Teaching Materials, NZ Government Spending, Ebony Archives, More: Thursday Afternoon ResearchBuzz, July 25, 2019


EdWeek Market Brief: A New Tool for Searching Out ‘High Quality’ Curricula. “In its first phase, the K12 Instructional Materials Dashboard developed by the State Educational Technology Directors Association, or SETDA, focuses on a searchable database of learning resources for math and English/language arts curricula at the secondary level. The database contains 450 print and digital licensed products and open education resources.”

Stats NZ: New online tool shows how your rates are spent. “New Zealanders can see how local councils spend money collected from rates in a simple online tool, Stats NZ said today…. By using the tool’s filters, you can choose any council around the country and the graph shows where the rates go, by specific activity. Each time you select a different council, the graph dynamically changes to your choice.” I was confused about “rates” but I believe this means property rates … what I would refer to as property taxes (usually with some swearing when I see the bill.)


Chicago Tribune: Getty Trust to buy Ebony photo archives for $28.5 million after winning bankruptcy auction. “The J. Paul Getty Trust is buying the historic Ebony photo archives for $28.5 million, after emerging as the top bidder Wednesday in the weeklong Johnson Publishing bankruptcy auction.”

Ars Technica: FTC fines Facebook $5 billion, imposes new privacy oversight. “The fine is high, and the settlement demands more privacy oversight at the company. But what the deal does not do is find anyone, including CEO Mark Zuckerberg, personally responsible, nor does it mandate huge changes to the way Facebook collects data⁠—only to the way it makes disclosures and honors user settings.” As a deterrent, this has all the stopping power of a cotton ball.


The Next Web: How to find and remove fake accounts on Twitter. “You could manually go through your followers list, find fake profiles, and unfollow them one by one, but who’s got time for that? In this article you’ll discover a couple of tools to help you find and remove fake followers – and you won’t have to spend ages doing it!”


Edex: JNU students to create a digital archive of wall posters and graffiti. “The [Jawaharlal Nehru University]’s administration has been removing all the posters and graffiti from the university’s walls as part of the Swacch JNU initiative, under ‘The Delhi Prevention of Defacement of Property Act, 2007’. This has created a lot of outcry among the faculty, alumni and students.”

Poynter: For-profit fact-checking is on the rise, and more teams have full-time employees. “For-profit fact-checking is on the rise, and fewer organizations are relying on volunteer work. These are among the results of this year’s State of the Fact Checkers, an annual report inaugurated by the International Fact-Checking Network (IFCN) last year to get a better idea of how fact-checking organizations are handling budgets, structure, publishing format and funding.”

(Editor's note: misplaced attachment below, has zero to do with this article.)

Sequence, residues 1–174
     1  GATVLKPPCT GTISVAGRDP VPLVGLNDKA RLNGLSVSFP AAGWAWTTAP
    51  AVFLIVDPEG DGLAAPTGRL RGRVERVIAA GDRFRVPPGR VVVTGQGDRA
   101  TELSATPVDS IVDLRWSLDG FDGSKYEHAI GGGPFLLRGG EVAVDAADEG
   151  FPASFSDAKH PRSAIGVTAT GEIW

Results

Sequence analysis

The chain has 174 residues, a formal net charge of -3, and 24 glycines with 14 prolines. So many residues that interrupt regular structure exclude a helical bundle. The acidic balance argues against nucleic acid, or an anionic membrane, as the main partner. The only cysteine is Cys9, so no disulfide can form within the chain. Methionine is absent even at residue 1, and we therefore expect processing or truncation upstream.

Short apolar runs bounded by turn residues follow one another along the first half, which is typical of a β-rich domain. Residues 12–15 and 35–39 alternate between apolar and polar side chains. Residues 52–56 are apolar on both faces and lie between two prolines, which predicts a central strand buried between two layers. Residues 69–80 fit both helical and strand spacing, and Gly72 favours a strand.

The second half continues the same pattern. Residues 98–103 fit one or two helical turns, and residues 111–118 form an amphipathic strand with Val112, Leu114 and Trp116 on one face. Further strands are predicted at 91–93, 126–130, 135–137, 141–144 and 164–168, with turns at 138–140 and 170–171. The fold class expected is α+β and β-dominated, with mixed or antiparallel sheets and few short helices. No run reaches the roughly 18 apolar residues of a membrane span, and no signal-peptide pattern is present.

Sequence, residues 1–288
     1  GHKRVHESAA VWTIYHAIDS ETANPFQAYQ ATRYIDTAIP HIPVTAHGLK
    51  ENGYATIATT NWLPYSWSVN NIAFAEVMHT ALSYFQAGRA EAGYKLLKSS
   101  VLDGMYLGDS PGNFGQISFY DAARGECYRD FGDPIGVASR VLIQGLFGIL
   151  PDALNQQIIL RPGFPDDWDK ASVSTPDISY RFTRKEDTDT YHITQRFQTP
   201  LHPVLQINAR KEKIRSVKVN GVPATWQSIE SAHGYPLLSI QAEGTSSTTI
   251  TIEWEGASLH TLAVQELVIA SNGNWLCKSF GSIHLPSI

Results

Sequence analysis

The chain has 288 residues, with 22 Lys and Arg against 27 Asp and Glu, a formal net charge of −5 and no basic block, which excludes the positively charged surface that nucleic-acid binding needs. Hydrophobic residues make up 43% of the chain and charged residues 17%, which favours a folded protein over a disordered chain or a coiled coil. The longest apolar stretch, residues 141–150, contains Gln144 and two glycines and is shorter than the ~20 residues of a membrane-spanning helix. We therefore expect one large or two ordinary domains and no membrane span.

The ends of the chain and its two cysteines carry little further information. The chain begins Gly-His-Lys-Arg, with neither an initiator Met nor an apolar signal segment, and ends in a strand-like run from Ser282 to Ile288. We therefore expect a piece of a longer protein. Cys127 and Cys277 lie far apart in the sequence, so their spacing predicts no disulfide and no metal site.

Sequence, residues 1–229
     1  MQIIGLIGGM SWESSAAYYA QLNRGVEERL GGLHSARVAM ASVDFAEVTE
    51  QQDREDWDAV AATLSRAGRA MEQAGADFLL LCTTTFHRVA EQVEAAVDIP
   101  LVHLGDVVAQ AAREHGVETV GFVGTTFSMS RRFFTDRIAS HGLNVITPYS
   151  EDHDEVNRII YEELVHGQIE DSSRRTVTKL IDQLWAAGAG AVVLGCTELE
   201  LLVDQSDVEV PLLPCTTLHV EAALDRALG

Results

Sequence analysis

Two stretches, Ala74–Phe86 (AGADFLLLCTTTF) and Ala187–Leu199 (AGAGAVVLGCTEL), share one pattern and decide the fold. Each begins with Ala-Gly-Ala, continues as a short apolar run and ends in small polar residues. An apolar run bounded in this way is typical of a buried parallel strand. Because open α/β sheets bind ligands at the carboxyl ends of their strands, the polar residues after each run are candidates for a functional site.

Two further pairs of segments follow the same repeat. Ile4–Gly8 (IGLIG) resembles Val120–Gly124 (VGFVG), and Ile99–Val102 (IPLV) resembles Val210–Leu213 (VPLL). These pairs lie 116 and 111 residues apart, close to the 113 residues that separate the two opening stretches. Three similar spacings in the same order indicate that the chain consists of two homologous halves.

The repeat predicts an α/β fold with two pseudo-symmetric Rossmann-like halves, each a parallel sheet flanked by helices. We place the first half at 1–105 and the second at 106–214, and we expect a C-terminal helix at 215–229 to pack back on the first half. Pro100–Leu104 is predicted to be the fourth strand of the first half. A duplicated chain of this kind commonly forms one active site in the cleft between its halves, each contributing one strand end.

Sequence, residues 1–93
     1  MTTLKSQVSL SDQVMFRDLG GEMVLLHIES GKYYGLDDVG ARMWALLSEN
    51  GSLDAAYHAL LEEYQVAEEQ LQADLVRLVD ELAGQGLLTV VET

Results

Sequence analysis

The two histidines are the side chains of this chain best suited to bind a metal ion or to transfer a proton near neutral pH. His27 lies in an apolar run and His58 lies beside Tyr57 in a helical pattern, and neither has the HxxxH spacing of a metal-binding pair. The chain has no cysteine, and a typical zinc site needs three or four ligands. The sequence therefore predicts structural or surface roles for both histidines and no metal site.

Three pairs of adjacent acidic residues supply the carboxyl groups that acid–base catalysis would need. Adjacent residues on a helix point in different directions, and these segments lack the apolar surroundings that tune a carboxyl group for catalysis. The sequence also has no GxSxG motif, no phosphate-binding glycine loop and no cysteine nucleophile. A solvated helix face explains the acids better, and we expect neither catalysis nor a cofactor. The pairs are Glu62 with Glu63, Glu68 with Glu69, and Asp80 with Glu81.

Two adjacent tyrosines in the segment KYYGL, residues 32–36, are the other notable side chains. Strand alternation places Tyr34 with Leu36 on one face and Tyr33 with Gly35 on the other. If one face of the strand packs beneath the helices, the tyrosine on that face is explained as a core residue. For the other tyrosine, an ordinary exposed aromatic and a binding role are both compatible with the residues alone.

Washington Post: Social media companies are outsourcing their dirty work to the Philippines. A generation of workers is paying the price.. “A year after quitting his job reviewing some of the most gruesome content the Internet has to offer, Lester prays every week that the images he saw can be erased from his mind. First as a contractor for YouTube and then for Twitter, he worked on a high-up floor of a mall in this traffic-clogged Asian capital, where he spent up to nine hours each day weighing questions about the details in those images. He made decisions about whether a child’s genitals were being touched accidentally or on purpose, or whether a knife slashing someone’s neck depicted a real-life killing — and if such content should be allowed online.”


Des Moines Register: Iowa Libertarians sue Sen. Claire Celsi for blocking constituents on Twitter. “The lawsuit alleges Celsi, a Democrat who represents portions of Des Moines, West Des Moines and Warren County in the Iowa Senate, violated the free speech clause of the U.S. Constitution’s First Amendment and the due process clause of the Fourteenth Amendment ‘because the comment section of her Twitter account is a designated public forum within which the state may not discriminate against speakers based on their viewpoint.'”


National Geographic: Do We Know Enough About The Deep Sea To Mine It?. “The United Nations organisation [International Seabed Authority (ISA)] headquartered in Kingston, Jamaica, is charged with promoting the mining of the ocean floor while, contradictorily, ensuring its protection. That’s about to change. As the ISA meets this month to draft regulations to allow mining to begin, it is set to unveil a public database that contains all environmental data reported by the miners since 2001. For the first time, scientists will be able to analyse the quantity and quality of that information and determine if mining contractors have complied with ISA rules.” Good afternoon, Internet…

Do you like ResearchBuzz? Does it help you out? Please consider supporting it on Patreon. Not interested in commitment? Perhaps you’d buy me an iced tea. I love your comments, I love your site suggestions, and I love you. Feel free to comment on the blog, or @ResearchBuzz on Twitter. Thanks!

Categories: afternoonbuzz

Leave a Reply